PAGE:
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Vesna P. Jacob’s book, Fit to Fight is an invaluable resource for women who want to feel safer by knowing how they can defend themselves.
Review by Sandhya Renukamba
This past year, 2013, has been a revolutionary year, of sorts. Violence against women has not ceased or decreased – far from it. We no longer behave like ostriches about the situation, though, and there is an increasing awareness and conversation about the issue. After the Nirbhaya incident of December 2012, that affected the collective psyche of the nation, the issue has come out of the closet of taboo subjects. People are willing to concede that a problem exists, that it has always existed. Reporting of incidents has increased. There is a better understanding of the ‘why’ of these incidents – an acknowledgement, even if grudging, yet, that the victim never ‘asks for it’. There is pressure on lawmakers and the enforcers of these laws to work together towards a safer world. It is a long, long road to this world, and many obstacles, but at least there has been a beginning. While this has been happening, those who could be victimized also need to do their bit to stay safe. Risk management. We can no longer afford to sit tight while we expect things to get better. We need to get fit to fight.
Before anyone can shout ‘victim blaming’, the author makes clear in an introductory chapter that in no way does she endorse the view that any attack might somehow be the victim’s fault. Learning to defend oneself and fight back if required, is a vital life skill in today’s world. A bit like vaccination. Pre-empt, prepare, avoid, fight, and heal. Not just fighting back physically, there is the all-important mental fitness, awareness of one’s surroundings, being on one’s guard at all times, that is stressed upon. There are practical tips that can help anyone – even a person who is not really physically fit. There is a detailed discussion about how any ordinary situation – at home or outside it – can become threatening, and how to deal with it. Psychological preparedness, awareness of danger, basic fitness routines, martial arts and fighting techniques that can be easily mastered; the book deals with all this. There is also a discussion on what if unfortunately, an attack does occur and how to deal with the trauma after, medical and legal actions to be taken, helplines and NGOs that can be of use in case required, and healing – both physically and mentally. Most important, there is a comprehensive list of all related laws, lucidly explained for a layperson, that can be invaluable in case of an incident.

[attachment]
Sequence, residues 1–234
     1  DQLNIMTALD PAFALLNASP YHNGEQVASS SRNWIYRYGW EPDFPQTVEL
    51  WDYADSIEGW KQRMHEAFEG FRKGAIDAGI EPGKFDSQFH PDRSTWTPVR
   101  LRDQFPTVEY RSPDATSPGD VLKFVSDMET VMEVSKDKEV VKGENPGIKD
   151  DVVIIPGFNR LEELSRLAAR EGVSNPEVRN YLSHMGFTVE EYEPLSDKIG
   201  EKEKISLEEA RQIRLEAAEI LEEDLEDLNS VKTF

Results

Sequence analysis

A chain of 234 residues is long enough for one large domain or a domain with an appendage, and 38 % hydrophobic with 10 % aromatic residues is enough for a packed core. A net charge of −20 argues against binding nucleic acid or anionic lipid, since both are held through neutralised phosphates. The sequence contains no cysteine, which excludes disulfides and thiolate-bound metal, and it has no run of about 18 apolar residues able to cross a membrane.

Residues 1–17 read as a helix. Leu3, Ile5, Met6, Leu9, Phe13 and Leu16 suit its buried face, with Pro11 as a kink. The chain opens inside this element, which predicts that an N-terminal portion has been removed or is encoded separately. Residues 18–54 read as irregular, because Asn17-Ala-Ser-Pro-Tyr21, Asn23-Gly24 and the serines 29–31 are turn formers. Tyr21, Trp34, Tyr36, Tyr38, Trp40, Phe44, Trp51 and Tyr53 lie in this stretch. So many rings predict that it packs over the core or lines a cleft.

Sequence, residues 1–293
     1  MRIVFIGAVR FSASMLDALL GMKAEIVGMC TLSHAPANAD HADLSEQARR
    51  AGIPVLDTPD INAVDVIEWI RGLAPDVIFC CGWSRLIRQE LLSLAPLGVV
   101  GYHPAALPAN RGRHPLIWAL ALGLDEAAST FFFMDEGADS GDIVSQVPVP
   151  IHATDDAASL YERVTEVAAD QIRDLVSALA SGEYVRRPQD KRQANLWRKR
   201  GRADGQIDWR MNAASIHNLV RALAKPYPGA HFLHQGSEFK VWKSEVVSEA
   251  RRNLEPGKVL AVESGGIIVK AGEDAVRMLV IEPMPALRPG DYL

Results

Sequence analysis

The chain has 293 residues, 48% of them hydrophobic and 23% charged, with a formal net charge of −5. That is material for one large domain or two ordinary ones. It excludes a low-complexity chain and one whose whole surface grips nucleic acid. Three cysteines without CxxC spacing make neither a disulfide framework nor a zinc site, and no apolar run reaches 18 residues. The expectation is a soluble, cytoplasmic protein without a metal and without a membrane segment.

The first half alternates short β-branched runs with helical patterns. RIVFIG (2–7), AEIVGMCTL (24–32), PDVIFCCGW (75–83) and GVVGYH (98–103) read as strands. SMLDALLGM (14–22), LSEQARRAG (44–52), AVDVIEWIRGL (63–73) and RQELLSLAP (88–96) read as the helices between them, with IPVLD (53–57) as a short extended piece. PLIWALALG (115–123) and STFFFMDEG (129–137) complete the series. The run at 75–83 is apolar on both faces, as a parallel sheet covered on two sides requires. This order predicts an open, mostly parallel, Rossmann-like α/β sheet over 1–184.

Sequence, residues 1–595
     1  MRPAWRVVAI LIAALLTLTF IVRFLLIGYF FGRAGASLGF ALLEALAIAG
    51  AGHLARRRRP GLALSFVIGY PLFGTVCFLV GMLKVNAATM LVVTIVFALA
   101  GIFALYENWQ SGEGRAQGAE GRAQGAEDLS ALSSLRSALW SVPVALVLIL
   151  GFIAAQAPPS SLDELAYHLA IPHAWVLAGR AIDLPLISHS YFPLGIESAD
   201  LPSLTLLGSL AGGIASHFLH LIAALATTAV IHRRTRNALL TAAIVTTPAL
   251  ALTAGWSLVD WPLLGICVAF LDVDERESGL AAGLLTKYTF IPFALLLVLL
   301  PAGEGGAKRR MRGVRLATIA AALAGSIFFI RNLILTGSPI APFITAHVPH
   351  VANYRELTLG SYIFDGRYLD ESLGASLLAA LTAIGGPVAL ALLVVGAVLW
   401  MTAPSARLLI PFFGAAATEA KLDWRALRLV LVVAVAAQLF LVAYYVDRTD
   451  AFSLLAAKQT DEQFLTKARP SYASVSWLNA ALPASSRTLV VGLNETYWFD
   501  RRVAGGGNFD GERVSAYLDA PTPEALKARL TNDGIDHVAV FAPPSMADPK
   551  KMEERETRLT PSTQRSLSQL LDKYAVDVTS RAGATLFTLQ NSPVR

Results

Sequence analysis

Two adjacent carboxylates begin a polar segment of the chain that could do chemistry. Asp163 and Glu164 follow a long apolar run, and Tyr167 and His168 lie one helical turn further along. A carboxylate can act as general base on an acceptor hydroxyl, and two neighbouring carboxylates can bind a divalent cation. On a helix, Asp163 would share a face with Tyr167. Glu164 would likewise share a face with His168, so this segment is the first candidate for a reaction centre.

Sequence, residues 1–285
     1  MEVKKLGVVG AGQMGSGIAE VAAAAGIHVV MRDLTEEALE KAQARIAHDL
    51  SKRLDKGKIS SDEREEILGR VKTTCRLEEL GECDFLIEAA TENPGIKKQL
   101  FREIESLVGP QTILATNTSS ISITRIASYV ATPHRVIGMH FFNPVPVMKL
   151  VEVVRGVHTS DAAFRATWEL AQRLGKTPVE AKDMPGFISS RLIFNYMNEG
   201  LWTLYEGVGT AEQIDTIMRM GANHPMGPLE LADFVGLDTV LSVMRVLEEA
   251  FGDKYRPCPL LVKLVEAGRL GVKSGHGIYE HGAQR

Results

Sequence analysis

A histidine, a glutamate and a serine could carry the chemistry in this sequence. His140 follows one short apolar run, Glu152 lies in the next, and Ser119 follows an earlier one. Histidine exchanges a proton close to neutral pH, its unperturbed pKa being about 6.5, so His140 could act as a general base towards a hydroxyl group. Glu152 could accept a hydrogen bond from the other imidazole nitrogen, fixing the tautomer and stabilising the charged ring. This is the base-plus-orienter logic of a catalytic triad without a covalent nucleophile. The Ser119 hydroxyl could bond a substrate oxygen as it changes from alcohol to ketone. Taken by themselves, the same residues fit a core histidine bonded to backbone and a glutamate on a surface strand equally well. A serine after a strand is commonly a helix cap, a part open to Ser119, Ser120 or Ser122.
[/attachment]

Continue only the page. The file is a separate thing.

The one part that stayed with me after reading the book is where the author states that in case of an attack, it is important to decide if one should fight back or not, as it completely depends upon the individual set of circumstances what the outcome might be – the vital thing is to stay alive. Taking this decision this would make one feel less of a victim, less helpless, no matter what actually happens.
The author, Vesna P. Jacob, is a New Delhi based fitness expert originally from Bosnia, is herself a survivor of a molestation when she was a teen, and has written this book as her way of taking action. It could be an invaluable resource for not only the women of India, but also for anyone who could find themselves a victim of violence. One must be careful not to develop a slightly heightened sense of paranoia, though, looking at anyone and any situation, no matter however innocuous, through a lens of suspicion, something that lingers awhile after reading the book.
Publishers: Random House
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In her role as the Senior Editor & Community Manager at Women's Web, Sandhya
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